Residents Report Wednesday November 30, 2005 Jason Ryan, MD
Cardiac Auscultation • Murmurs • Systolic • Ejection – Implies either obstruction or high output • Obstruction: AS, HOCM, rarely PS • High output: Anemia, Thyrotoxicosis, AR, ASD, VSD • Innocent murmur: Mid-systolic, best at LSB, non radiating • Pansystolic – Implies retrograde flow from high to low pressure chamber • MR, TR, VSD
Cardiac Auscultation • Murmurs • Diastolic • Retrograde flow across incompetent valve • AR, PR • Diastolic filling • MS
The 6 “Must Know” Murmurs • Aortic Stenosis • HOCM • Mitral Regurgitation • Mitral Stenosis • Aortic Regurgitation • Tricuspid Regurgitation
Aortic Stenosis • Systolic ejection murmur that usually peaks in early systole • Location: Classically heard best in right 2nd interspace • As the degree of AS worsens, the murmur peaks closer to S2 (i.e. later). • In general, the later the peak and the louder the murmur, the more severe the stenosis. • Often radiates to the carotids • Carotid upstrokes are delayed! • In reality, often loudest in a “sash” or “shoulder harness” area from second right interspace to apex
HOCM • Caused by outflow tract obstruction • Location: 3rd or 4th left interspaces • Can sound just like AS unless you do maneuvers! • Increasing size of LV makes murmur softer • Squatting (raises BP) • Decreasing size of LV makes murmur louder • Valsalva (↑intrathoracic pres ↓VR↓LV) • Valsalva: HOCM gets louder, AS gets softer • Squatting: HOCM gets softer, AS gets louder
Mitral Regurgitation • Holosystolic murmur • Location: Heard best at the apex • Radiates to the axilla • Pearl: Presence of S3 suggest severe MR • Bonus trivia: What is the Gallavardin phemonena?
Mitral Stenosis • Causes either (or both) an opening snap or a diastolic rumble. • Location: apex • More bonus (read: useless) trivia: What is the Austin Flint murmur?
Aortic Regurgitation • Early diastolic murmur. “Blowing.” • Often associated with systolic ejection murmur from high stroke volume • Location: Heard best at LSB in 3rd or 4th IC space • Wide pulse pressure
Tricuspid Regurgitation • Holosystolic murmur • Causes: RV failure and dilation, Pulmonary hypertension of any cause • Location: Heard best at left lower sternal borderer • Clues: • Intensity may increase with inspiration • Look for large v waves in neck veins
Pearls • PDA • Continuous, “machine-like” murmur • ASD • Fixed split S2 • VSD • Usually a pansystolic murmur • AV Dissociation • Cannon AV waves, pounding in neck • MVP • Mid-systolic click • different from an opening snap which is diastolic
Pearls Normal heart sounds: P2 S2 S1 A2 S1 Inspiration causes “physiologic splitting”
Pearls Normal heart sounds: P2 S2 S1 A2 S1 A Right Bundle Branch Block delays P2 causing a “widely split S2” which is a persistent split that widens with inspiration: P2 S1 A2 P2 S1 A2
Pearls Normal heart sounds: P2 S2 S1 A2 S1 A Left Bundle Branch Block delays A2 causing a “paradoxically (or reversed) split S2” which is a split that occurs with expiration and disappears with inspiration: S1 S2 A2 S1 P2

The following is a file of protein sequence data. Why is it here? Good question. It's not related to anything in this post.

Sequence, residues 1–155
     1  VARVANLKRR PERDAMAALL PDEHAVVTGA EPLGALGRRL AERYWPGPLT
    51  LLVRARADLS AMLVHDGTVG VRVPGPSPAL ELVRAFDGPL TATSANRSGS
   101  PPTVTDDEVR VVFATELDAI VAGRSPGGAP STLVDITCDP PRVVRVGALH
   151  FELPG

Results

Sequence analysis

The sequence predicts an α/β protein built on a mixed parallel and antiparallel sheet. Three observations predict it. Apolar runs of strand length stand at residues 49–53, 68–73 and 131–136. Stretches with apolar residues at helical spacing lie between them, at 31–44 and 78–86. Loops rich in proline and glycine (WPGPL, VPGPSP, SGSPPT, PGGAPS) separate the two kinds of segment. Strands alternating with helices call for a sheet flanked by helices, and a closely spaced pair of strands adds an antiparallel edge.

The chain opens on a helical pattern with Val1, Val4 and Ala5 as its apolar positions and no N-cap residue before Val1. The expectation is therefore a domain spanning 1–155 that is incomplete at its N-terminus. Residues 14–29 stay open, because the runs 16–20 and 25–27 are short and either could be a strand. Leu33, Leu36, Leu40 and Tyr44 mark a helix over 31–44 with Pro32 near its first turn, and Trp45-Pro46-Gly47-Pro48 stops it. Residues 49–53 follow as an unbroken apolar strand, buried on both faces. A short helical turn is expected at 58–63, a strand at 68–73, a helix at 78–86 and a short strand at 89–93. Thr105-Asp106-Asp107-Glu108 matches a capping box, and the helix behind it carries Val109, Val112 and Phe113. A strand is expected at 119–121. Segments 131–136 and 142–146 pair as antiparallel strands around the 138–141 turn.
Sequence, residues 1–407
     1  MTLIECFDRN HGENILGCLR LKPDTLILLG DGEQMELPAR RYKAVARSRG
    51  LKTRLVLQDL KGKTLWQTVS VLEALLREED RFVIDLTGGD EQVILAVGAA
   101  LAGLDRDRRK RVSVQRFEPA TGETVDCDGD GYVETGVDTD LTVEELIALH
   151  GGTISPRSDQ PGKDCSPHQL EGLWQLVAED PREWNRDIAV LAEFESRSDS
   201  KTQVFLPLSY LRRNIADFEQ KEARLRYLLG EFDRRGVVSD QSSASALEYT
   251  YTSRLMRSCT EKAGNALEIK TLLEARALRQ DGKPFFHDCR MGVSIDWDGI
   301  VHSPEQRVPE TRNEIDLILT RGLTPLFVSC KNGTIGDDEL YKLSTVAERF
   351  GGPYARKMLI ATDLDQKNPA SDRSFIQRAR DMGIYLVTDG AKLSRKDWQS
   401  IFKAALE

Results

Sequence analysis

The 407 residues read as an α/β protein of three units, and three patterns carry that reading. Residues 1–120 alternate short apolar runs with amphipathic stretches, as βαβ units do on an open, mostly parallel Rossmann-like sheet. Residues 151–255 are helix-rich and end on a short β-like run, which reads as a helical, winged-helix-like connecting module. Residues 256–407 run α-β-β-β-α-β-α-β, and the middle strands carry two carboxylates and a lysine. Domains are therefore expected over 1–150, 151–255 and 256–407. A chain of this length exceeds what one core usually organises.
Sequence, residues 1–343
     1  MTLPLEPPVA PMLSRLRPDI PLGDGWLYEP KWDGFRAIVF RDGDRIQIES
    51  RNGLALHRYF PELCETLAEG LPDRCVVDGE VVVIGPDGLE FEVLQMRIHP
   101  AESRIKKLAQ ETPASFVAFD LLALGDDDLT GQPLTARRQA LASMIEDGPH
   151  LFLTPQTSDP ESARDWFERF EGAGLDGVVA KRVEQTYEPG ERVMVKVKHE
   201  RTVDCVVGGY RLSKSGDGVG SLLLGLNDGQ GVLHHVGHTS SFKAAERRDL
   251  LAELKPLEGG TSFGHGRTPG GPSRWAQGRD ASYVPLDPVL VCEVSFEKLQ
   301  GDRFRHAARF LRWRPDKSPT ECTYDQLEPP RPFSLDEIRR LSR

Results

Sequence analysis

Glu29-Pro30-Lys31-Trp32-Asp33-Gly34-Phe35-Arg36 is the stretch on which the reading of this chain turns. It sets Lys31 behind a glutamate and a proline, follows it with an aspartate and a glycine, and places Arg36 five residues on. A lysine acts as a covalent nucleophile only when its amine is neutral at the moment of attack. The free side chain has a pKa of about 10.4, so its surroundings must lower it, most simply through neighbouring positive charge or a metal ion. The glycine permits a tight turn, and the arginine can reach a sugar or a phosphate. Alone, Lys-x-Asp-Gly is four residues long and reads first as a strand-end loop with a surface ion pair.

Question 1 • 1. A 60-year old man has a 2-month history of progressive dyspnea and chest pain. Cardiac auscultation reveals a grade 3 systolic ejection murmur that is heard best at the second right interspace. The murmur radiates into the carotid arteries. What is the most likely underlying valvular abnormality? • 1. Aortic regurgitation • 2. Aortic stenosis • 3. Mitral regurgitation • 4. Mitral stenosis
Answer 1 • Aortic stenosis. Systolic ejection murmurs are caused by outflow obstruction. Their intensity peaks in midsystole and is described as a crescendo-decrescendo or “diamond-shaped” murmur. The murmur of aortic stenosis is an example of a systolic ejection murmur. The murmur radiates along the outflow track (ie, into the carotid arteries).
Question 2 • A 50-year-old woman has a 3-month history of progressive dyspnea. Cardiac auscultation reveals a grade 3 pansystolic murmur heard best at the apex. The murmur is medium-pitched and radiates to the axilla. What is the most likely underlying valvular abnormality? • 1. Aortic regurgitation • 2. Aortic stenosis • 3. Mitral regurgitation • 4. Mitral stenosis
Answer 2 • Mitral regurgitation. Pansystolic murmurs are almost always caused by reverse flow across a valve. The single exception occurs in cases of a ventricular septal defect, in which blood flows across an orifice in the septum. The murmur of mitral regurgitation radiates into the axilla in the direction of the flow.
Question 3 • A 40-year-old woman has a 3-month history of progressive dyspnea. Cardiac auscultation reveals a grade 3 diastolic murmur heard best at the apex. The murmur is low-pitched and has a rumbling quality. There is a snapping sound that immediately precedes the murmur. What is the most likely underlying valvular abnormality? • 1. Aortic regurgitation • 2. Aortic stenosis • 3. Mitral regurgitation • 4. Mitral stenosis
Answer 3 • Mitral stenosis. The murmur of mitral stenosis is generated during left atrial contraction as blood is being forced through the narrowed mitral valve. There is usually an opening snap just before the diastolic rumble begins.